Referring to a Home Loan Bank Board memo that said Keating had attempted to have him fired, Crawford said he did not know of any such effort but added that he, like federal regulators, felt “beat up” by the Arizona businessman.

‘Proof of the Pudding’

But he insisted that no one from Deukmejian’s office tried to influence his handling of Lincoln.

Advertisement

“He had the juice (but) he didn’t have it on a direct line from the governor to me. I’m still here, and that’s proof of the pudding, I think,” Crawford said.

The committee’s chairman, Assemblyman Patrick Johnston (D-Stockton), expressed concern about allegations that Keating and his associates used political connections to influence state regulators.

Keating was invited to attend the committee hearing but did not respond, Johnston said.

Deukmejian fund-raiser Samuelian, however, said he has never contacted the governor on behalf of any client.

“As far as the governor is concerned, I have religiously for 10 years separated my business matters from my (campaign) assistance to the governor,” he said.

Samuelian said he was introduced to Keating in November, 1985, by San Diego financier Thomas C. Stickel, who is controlling stockholder of TCS Enterprises. Stickel’s company went public in January, 1985, and American Continental Corp. quickly bought up 19.2% with a nearly $3-million investment in the San Diego firm.

Reached by telephone Wednesday, Stickel said he never personally introduced Keating to Samuelian, whom Stickel knew through Republican and Deukmejian fund-raising activities.

But Stickel added that he had referred Lincoln Savings to Samuelian’s law firm when the thrift was looking for a Los Angeles attorney to handle its business.

Advertisement

“I know I recommended that Charlie Keating hire the law firm of Karl & Karl specifically because I thought that it was an excellent law firm,” said Stickel. “I was specifically asked (by Lincoln) for a major, prominent Los Angeles law firm and who they should contact within the law firm.”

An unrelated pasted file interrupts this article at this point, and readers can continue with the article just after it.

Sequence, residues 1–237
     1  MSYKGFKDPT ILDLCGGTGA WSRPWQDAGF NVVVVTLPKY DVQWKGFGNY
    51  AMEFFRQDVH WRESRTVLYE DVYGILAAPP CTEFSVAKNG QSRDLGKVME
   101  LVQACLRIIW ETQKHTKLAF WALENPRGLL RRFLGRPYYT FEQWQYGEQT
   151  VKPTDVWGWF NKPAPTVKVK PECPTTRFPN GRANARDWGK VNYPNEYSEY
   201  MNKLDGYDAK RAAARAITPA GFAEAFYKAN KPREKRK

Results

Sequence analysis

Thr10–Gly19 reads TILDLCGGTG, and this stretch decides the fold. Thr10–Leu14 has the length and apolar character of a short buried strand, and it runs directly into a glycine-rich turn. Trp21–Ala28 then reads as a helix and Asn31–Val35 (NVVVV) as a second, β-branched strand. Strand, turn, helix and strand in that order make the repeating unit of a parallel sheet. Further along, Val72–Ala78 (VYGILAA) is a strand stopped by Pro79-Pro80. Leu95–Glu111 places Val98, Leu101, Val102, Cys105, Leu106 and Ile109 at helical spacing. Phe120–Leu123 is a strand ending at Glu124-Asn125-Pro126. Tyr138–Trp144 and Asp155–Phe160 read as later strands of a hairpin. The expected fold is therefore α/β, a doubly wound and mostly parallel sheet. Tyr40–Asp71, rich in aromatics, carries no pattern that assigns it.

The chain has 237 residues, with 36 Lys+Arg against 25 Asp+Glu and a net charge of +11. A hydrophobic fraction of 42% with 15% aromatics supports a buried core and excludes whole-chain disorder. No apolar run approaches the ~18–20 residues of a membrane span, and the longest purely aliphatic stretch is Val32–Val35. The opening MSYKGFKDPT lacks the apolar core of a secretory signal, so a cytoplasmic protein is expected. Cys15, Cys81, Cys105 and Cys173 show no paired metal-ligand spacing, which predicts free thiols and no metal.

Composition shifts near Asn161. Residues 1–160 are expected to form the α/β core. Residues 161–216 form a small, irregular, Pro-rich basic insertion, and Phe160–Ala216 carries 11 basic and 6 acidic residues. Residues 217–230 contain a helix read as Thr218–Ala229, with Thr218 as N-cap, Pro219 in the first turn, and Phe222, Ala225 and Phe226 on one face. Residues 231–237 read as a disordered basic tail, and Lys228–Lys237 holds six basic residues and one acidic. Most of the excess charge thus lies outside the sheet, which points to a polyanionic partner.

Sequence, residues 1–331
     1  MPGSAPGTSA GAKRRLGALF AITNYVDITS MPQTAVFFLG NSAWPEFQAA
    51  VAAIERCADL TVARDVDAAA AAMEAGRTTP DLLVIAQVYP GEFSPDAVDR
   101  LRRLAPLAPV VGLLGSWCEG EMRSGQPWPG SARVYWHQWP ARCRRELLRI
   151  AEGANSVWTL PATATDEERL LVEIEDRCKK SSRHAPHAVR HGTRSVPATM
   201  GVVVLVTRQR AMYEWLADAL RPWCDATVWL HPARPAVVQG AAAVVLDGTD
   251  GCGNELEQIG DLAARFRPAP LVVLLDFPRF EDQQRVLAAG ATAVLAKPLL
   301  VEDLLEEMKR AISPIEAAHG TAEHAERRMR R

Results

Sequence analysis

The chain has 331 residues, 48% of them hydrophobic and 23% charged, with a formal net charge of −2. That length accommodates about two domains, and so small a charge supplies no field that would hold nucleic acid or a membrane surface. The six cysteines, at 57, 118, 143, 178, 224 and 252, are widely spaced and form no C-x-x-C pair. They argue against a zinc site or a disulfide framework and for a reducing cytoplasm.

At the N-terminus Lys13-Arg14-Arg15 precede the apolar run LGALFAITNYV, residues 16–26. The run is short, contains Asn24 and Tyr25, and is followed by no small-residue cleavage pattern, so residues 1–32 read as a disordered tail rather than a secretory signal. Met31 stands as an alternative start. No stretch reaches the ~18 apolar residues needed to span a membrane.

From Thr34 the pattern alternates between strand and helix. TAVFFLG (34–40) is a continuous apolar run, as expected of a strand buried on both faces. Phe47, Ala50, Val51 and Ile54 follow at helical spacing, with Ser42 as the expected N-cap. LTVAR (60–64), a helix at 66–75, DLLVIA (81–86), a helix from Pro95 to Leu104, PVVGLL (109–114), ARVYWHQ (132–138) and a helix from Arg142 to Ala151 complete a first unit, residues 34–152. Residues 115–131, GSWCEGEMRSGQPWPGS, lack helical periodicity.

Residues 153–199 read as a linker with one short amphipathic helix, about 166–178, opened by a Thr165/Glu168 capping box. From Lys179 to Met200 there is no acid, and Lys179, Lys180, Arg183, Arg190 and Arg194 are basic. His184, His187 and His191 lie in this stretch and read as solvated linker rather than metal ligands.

Stickel said the fact that Samuelian was Deukmejian’s top fund-raiser had nothing to do with the referral.

“It was strictly on the basis of his (Samuelian’s) legal reputation and the firm’s legal reputation,” said Stickel.

At the hearing in Sacramento, however, Samuelian said he didn’t know why Keating decided to hire his firm. “You should ask him,” said Samuelian.

Samuelian outlined 1986 and 1987 contributions to Deukmejian’s campaign committee from Keating’s companies, relatives and business associates totaling $150,000, plus an additional $100,000 to Republican fund-raising efforts in California that Samuelian collected.

However, he denied ever “lobbying” for Keating or his companies.

“We were representing a client as a lawyer, not doing any lobbying work,” Samuelian said.

After the hearing, Samuelian said he helped set up Keating’s meetings in February and March, 1988, with Transportation and Housing Secretary Geoghegan, a Deukmejian appointee whose agency oversees the state’s savings and loan and corporations regulators.

Samuelian also revealed to the committee Wednesday that he had recommended that Deukmejian appoint two former law associates, Franklin Tom and Christine W. Bender, as corporation commissioners. The governor named Tom first, and then Bender succeeded him.

Both Tom and Bender approved the sale of controversial high-risk bonds issued by American Continental and sold through Lincoln’s branches.

After Tom left his post as commissioner, he rejoined Samuelian’s law firm and represented Keating’s position in meetings with Bender, his successor and former deputy.

Wording Deleted

Also during the hearing, state savings and loan examiner Richard Newsom said the state attorney general’s office deleted wording in a December, 1988, cease-and-desist order against American Continental that could have warned investors not to buy the company’s high-risk junk bonds.

Newsom said the wording would have been the “atomic bomb” to end the junk bond sales, which continued through early 1989. But, he added, the attorney general balked at including the language because his office lacked the expertise to defend the state on a court challenge over securities matters.


Advertisement